LONDON: Royal Mail Plc proposed a pay deal it said will boost wages by 16% over five years as the UK postal service seeks to end a labour dispute that’s left a restructuring plan in tatters.
The pitch to the Communication Workers Union is affordable only if it allows the stabilisation of a shrinking letter-carrying business and expansion of parcels activities, the company said Thursday.
“We hope to convince the union to support us,” Shane O’Riordain, managing director of regulation, corporate affairs and marketing, said in a statement.
“We need to change more quickly than before.”
A representative of the union couldn’t be reached for immediate comment.
Royal Mail, which traces its history back more than 500 years, warned earlier this month that its UK delivery business could lose money in the year starting in March.
The company is in a pitched battle with workers that marred the usually lucrative Christmas and New Year holiday season.
The stock traded 5.5% higher at 183.85 pence as of 4.01pm in London, reducing the decline this year to 19%.
The company reiterated a commitment to avoiding compulsory job cuts among front-line staff and ruled out measures such as outsourcing and zero-hours contracts, saying it “will not become a gig-economy employer”.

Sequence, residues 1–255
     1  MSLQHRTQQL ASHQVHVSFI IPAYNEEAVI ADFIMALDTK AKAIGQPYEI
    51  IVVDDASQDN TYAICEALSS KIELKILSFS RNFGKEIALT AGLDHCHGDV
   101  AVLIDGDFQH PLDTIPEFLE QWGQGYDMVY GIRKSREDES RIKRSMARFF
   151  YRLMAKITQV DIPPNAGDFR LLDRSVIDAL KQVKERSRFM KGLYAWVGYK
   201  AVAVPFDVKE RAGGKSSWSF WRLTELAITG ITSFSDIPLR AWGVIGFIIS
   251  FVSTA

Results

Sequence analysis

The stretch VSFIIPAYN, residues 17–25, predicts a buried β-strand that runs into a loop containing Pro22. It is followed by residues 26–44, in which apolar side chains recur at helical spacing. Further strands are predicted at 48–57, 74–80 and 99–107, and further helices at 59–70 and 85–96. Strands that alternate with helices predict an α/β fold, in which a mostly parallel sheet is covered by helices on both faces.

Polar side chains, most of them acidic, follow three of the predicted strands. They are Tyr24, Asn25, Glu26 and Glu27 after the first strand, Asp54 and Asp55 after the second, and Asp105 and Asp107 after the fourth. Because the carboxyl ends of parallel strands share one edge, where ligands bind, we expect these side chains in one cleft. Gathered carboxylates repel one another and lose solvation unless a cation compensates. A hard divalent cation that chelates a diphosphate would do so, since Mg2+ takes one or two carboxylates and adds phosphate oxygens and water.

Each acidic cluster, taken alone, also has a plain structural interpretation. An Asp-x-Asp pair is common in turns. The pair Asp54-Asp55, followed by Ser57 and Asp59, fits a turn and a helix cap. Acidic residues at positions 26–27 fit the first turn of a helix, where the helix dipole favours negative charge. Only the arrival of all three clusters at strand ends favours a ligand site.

At the same time, its revamp includes £1.8 billion of UK investment, partly in three new automated parcel hubs aimed at reducing the company’s reliance on a hand-sorting, little changed from Victorian times.
A second daily van delivery will be introduced with 7,000 dedicated routes to meet demand from “night-owl shopping”, Royal Mail has said.
The number of daily walk deliveries will be cut by 8,000, reflecting the slump in letter volumes.
The pay offer includes a 6%, three-year deal for CWU-grade employees. The increase, including the first hour of a shorter working week, equates to a 16% rise between April 2018 and March 2023, it said.